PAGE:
We go through life acquiring dreams and desires. We work on them, daring in hope that we can have what it is we desire ... some are achieved and are what we thought they would be, most however are not. Some fade with time, others, when we arrive at the destination of them, turn out to be bright, but vacant of anything real, like jewelry made of paste. Most dreams are broken by the realities of life ... crushed like grapes under the winemakers foot, some perhaps, age well enough to be called fine wine, but most leave us with the bitter taste of vinegar in our mouths.

Should we then cease to dream? What is a man with none? He is nothing, a corpse waiting to be. A shell of life, sucked dry by the dessicated world, withered, waiting to be forgotten. He has ceased to be human, a condition we dare not find ourselves in. So we smile at the rain, we persevere when we should lay down and die, and yes, we stay our own hand from deciding our own end ...
To be, or not to be: that is the question:
Whether 'tis nobler in the mind to suffer
The slings and arrows of outrageous fortune,
Or to take arms against a sea of troubles,
And by opposing end them? To die: to sleep;
No more; and by a sleep to say we end
The heart-ache and the thousand natural shocks
That flesh is heir to, 'tis a consummation
Devoutly to be wish'd. To die, to sleep;
To sleep: perchance to dream: ay, there's the rub;
For in that sleep of death what dreams may come
When we have shuffled off this mortal coil,
Must give us pause: there's the respect
That makes calamity of so long life;
For who would bear the whips and scorns of time,
The oppressor's wrong, the proud man's contumely,
The pangs of despised love, the law's delay,
The insolence of office and the spurns
That patient merit of the unworthy takes,
When he himself might his quietus make
With a bare bodkin? who would fardels bear,
To grunt and sweat under a weary life,
But that the dread of something after death,
The undiscover'd country from whose bourn
No traveller returns, puzzles the will
And makes us rather bear those ills we have
Than fly to others that we know not of?
Thus conscience does make cowards of us all;
And thus the native hue of resolution
Is sicklied o'er with the pale cast of thought,
And enterprises of great pith and moment
With this regard their currents turn awry,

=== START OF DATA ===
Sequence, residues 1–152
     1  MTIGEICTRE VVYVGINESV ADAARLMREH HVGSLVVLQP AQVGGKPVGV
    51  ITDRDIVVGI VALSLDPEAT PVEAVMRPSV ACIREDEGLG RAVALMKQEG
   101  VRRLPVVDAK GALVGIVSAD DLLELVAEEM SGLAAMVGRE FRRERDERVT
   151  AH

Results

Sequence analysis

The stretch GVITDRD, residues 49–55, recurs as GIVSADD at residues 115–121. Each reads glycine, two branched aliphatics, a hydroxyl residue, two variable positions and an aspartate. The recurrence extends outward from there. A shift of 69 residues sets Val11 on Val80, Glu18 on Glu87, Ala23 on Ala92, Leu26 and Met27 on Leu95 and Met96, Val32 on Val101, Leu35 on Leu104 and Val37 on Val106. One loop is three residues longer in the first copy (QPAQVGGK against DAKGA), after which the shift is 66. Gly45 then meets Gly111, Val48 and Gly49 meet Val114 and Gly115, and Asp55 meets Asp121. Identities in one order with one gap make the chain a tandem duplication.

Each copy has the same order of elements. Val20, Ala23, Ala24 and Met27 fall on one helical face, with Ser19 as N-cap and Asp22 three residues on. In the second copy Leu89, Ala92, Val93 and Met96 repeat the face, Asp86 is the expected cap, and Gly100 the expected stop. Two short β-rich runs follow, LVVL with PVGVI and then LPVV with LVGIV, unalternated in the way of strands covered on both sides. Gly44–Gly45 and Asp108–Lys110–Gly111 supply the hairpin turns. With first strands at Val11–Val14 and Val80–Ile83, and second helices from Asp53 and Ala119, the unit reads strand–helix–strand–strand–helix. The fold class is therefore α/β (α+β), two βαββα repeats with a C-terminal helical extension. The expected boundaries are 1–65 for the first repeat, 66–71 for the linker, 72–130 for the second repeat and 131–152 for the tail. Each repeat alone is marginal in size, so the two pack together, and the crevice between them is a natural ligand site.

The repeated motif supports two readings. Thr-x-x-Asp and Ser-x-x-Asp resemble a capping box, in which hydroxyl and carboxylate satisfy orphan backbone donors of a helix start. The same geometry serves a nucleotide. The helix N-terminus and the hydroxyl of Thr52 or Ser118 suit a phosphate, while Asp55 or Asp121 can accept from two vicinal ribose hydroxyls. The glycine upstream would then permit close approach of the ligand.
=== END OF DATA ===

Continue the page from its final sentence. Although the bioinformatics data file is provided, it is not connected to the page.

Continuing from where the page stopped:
And lose the name of action.
William Shakespeare, Hamlet, Act III, scene I
... for hopes sake, for a new dream upon the death of the old.

08 April 2008

Shaving with the Razor

all links will go to the Wikipedia article on the subject

I've had reason to consider Occam's Razor lately, although only a few friends are likely to understand why. The Razor is commonly given in English as: "All things being equal, the simplest solution is the most likely.", and it is used to help cut through superfluous arguments.

I've long believed that it important for a person to have at least a vague philosophy, the more clear, the better. Although one might call my attempt to live my life according to the tenants of a twelve step program a philosophy, I'm not sure that it is actually a philosophy, it is more of a way of living. It might be a philosophy in the way that Buddhism is a religion. If one were to ask me what it means to live a twelve step based life, I would say it is one of continual self-examination and improvement.

This process of self-examination and improvement has a downside, literally, for it can bring one down, emotionally. Continual self-examination and a desire for improvement can lead one to focus on the negative aspects of ones personality. Although true self-examination would allow us to see the good that we do, and the good that we are. Honest self-examination would also remind us of how far we have come. In addition, twelve steppers can get caught up in living "One Day at a Time" can lose focus on the bigger picture of life.

I am also a Christian. This means so many things to so many people there is no point in even beginning a discussion about it. What it means to me (arguers, start your engines) is having a life based on the words and actions of Christ. WWJD sums it up pretty well, what would Jesus do? Those answers can be found in the Gospels, interpret or literalize as you will.

So, here I am, a Christian who attempts to live a life based on the twelve step program principles (for those familiar with the history of the twelve step program, I know this is mostly redundant). These two things taken together, or separately, still point to having a life of thoughtful consideration. This is a huge potential stumbling block, as it is so easy to get dragged into an overthinking lifestyle; I do it; many of my friends do it as well.